Putin: US provoked Georgia crisis to help Republicans
Vladimir Putin launched a fresh attack on the United States, saying US advisers were involved in the Georgian conflict and accusing the White House of provoking the crisis to help Republicans win the US election, Reuters reported.
Russia is fighting back against a storm of condemnation from the United States and European governments for sending troops into Georgia and recognizing its two breakaway regions as independent states.
Prime Minister Putin's comments, broadcast by German television station ARD on Friday, expanded on remarks in an interview with CNN shown on Thursday which the White House said were "patently false".
"We know there were a lot of US advisers (in Georgia), but instructors, teachers and personnel for military weapons should be on firing ranges and in the teaching centers - but where were they? They were in the zone of military operations.
"And that pushes one to the conclusion that the leadership of the United States knew about the action that was being prepared and moreover probably took part in it," Putin said.
"If the leadership of the United States had sanctioned that, then I have the suspicion that it was done specially to organise a small, victorious war," he said.
"And if it didn't work, then to create from Russia the appearance of an enemy and on that ground unite the electorate around one presidential candidate, of course the ruling party."
Putin did not name Republican candidate John McCain.
"In a significant way the crisis was provoked, including by our American friends in the course of the election struggle.
"This was the use of administrative resources in a deplorable way to provide advantage to one of the candidates, in the current case from the ruling party," said Putin, who stepped down as president in May after eight years in office.
The West is considering what steps to take against Russia, which has great leverage over the European Union as the supplier of much of its oil and gas. Putin warned European states they should stop taking orders from the White House.
"If European states want to serve the foreign policy interests of the USA, then, in my opinion, they will gain nothing from this," he said.
"A country - in the current case Russia - which can stand up for the honor and dignity of its citizens, defend their lives will not be isolated, despite the bloc-like thinking of our partners in Europe or in the United States.
"The world doesn't end with Europe or the United States."
Fighting broke out in Georgia, a US ally on Russia's border in the Caucasus, on Aug 7-8 when Georgian forces tried to retake the breakaway region of South Ossetia, which is backed by Moscow.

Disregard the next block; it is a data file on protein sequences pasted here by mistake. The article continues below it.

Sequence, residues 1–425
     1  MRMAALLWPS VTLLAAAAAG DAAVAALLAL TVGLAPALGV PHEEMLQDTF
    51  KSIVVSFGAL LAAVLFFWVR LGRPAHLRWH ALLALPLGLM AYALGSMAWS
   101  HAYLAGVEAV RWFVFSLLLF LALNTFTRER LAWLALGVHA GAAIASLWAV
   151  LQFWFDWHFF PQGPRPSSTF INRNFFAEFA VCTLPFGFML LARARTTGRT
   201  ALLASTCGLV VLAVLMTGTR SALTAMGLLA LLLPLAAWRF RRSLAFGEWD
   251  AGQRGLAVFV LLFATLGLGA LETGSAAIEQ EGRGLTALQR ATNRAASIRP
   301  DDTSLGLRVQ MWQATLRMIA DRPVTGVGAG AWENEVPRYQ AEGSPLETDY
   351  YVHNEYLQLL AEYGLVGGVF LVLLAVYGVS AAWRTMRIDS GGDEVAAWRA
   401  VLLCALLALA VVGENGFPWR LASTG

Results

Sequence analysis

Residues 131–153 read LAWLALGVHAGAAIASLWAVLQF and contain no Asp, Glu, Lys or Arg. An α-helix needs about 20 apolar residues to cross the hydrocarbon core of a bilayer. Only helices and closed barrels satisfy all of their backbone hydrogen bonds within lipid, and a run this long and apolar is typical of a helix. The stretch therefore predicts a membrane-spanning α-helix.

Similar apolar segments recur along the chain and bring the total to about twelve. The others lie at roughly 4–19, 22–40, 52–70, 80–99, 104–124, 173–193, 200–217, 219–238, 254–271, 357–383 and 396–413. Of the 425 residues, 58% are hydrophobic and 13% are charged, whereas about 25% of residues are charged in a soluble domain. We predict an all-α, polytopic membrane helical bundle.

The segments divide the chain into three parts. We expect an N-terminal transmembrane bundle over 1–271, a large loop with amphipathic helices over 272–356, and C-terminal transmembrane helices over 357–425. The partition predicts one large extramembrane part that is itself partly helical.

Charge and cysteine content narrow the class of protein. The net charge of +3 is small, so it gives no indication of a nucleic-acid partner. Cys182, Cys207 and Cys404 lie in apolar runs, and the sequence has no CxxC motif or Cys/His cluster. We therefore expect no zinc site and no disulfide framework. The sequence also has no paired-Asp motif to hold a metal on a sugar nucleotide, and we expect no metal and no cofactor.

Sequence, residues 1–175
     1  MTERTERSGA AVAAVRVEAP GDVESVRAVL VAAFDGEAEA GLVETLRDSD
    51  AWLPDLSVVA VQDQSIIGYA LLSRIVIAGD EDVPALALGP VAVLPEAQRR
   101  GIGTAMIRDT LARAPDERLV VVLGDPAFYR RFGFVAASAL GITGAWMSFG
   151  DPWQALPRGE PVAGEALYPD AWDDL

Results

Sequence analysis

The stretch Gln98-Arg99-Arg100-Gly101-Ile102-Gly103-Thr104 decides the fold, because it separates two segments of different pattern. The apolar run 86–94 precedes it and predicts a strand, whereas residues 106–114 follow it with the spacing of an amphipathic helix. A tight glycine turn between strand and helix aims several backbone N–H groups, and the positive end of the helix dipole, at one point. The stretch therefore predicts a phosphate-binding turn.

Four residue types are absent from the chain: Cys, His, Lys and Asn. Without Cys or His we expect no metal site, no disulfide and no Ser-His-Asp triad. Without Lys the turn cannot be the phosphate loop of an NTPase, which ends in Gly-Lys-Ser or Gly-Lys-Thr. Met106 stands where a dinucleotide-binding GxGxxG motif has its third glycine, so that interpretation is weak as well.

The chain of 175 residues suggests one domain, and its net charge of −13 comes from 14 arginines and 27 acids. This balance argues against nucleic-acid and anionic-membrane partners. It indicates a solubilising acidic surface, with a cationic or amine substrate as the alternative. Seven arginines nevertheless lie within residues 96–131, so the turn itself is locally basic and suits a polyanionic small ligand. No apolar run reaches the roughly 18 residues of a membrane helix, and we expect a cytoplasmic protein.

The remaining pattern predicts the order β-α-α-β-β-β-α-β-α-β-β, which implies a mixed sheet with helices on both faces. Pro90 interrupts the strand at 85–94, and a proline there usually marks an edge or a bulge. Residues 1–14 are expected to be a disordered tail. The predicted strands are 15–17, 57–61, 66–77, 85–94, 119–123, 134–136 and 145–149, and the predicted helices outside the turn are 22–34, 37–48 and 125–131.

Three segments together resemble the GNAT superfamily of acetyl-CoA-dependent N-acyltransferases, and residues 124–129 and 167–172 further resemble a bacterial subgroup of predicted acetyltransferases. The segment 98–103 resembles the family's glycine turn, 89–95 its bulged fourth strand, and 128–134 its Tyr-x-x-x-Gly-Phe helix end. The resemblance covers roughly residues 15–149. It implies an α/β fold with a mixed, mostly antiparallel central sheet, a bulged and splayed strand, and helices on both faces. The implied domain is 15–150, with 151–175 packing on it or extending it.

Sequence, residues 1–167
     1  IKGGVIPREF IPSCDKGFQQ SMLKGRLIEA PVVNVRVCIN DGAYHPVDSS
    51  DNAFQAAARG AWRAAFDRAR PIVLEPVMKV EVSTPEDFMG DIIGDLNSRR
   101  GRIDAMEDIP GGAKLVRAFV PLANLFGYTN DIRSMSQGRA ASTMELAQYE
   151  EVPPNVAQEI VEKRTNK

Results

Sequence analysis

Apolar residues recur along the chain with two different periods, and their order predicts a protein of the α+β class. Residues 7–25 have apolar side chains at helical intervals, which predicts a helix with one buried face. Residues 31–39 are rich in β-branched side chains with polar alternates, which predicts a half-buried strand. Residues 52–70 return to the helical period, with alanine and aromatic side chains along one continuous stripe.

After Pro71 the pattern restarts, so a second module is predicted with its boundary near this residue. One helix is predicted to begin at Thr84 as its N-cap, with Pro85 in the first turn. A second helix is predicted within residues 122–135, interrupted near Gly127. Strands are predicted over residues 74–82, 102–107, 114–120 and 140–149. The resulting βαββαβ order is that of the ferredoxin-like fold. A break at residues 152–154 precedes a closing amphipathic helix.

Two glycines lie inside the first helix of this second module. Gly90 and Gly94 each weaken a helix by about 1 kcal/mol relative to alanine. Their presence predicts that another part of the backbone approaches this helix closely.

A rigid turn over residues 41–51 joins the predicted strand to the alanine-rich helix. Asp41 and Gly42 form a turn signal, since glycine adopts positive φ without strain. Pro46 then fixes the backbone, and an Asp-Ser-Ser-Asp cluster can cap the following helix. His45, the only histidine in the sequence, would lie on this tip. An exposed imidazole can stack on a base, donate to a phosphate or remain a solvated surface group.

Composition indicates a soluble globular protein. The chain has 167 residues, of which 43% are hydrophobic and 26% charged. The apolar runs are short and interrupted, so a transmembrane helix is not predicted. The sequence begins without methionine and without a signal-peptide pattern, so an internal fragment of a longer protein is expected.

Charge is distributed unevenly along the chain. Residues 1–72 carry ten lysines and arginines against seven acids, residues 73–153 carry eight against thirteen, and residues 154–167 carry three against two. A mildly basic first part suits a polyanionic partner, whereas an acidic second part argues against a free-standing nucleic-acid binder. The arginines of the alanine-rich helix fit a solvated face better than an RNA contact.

Russian forces repelled the attack and advanced into Georgia proper. The Kremlin then recognized Georgia's breakaway regions of South Ossetia and Abkhazia as independent states.
The European Union is due to hold an emergency summit on Monday. But diplomats said EU nations were mostly reluctant to impose sanctions and had received signals from the Kremlin that it would retaliate.
"But I think any kind of reaction they would take to the EU would be in kind, like visa restrictions or a business contacts freeze," said one EU diplomat. "I don't think the retaliation would include the kind of things like restricting oil."
As well as energy supplies, Western policy-makers must weigh the fact that Russia's support is vital to maintaining pressure on Iran over its nuclear program.
Russian oil companies and government officials denied a British newspaper report that they were preparing to restrict oil supplies in response to sanctions.
A senior diplomat for EU president France said sanctions would not be adopted at the summit, contradicting remarks on Thursday by French Foreign Minister Bernard Kouchner, who said they were among the options.
"The time to pass sanctions has certainly not come," the diplomat said.
Georgia is a key non-Russian route for oil from the Caspian Sea. Azerbaijan's state oil company SOCAR said it expected next year to send up to 400,000 tonnes of crude to a Russian pipeline instead of the BP-led pipeline through Georgia, in part because of instability there.
Russian planes dropped bombs this month within 15 meters ( 50 feet) of the Georgian pipeline, witnesses told Reuters.
Tbilisi said it would cut diplomatic ties with Moscow. A Russian Foreign Ministry source told the RIA news agency that Moscow would close its embassy in Tbilisi.
Georgian President Mikheil Saakashvili made a surprise visit late on Friday to the flashpoint port of Poti, which Russian troops continue to patrol as part of a Moscow-imposed security zone condemned by the Tbilisi government and the West.
"They are occupiers here, they are occupiers all around Georgia," Saakashvili told reporters, referring to Russian troops who man checkpoints just outside the town.